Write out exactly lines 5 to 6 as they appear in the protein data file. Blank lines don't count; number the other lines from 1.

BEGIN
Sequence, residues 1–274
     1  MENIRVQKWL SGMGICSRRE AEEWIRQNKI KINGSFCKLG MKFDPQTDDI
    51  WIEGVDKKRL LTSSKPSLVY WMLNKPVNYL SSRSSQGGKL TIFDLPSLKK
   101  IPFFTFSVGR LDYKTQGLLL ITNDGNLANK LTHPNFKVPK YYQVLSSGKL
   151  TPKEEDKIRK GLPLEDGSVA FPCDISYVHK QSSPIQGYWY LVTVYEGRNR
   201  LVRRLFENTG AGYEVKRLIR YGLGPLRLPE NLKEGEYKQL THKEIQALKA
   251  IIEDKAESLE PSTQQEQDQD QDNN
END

   151  TPKEEDKIRK GLPLEDGSVA FPCDISYVHK QSSPIQGYWY LVTVYEGRNR
   201  LVRRLFENTG AGYEVKRLIR YGLGPLRLPE NLKEGEYKQL THKEIQALKA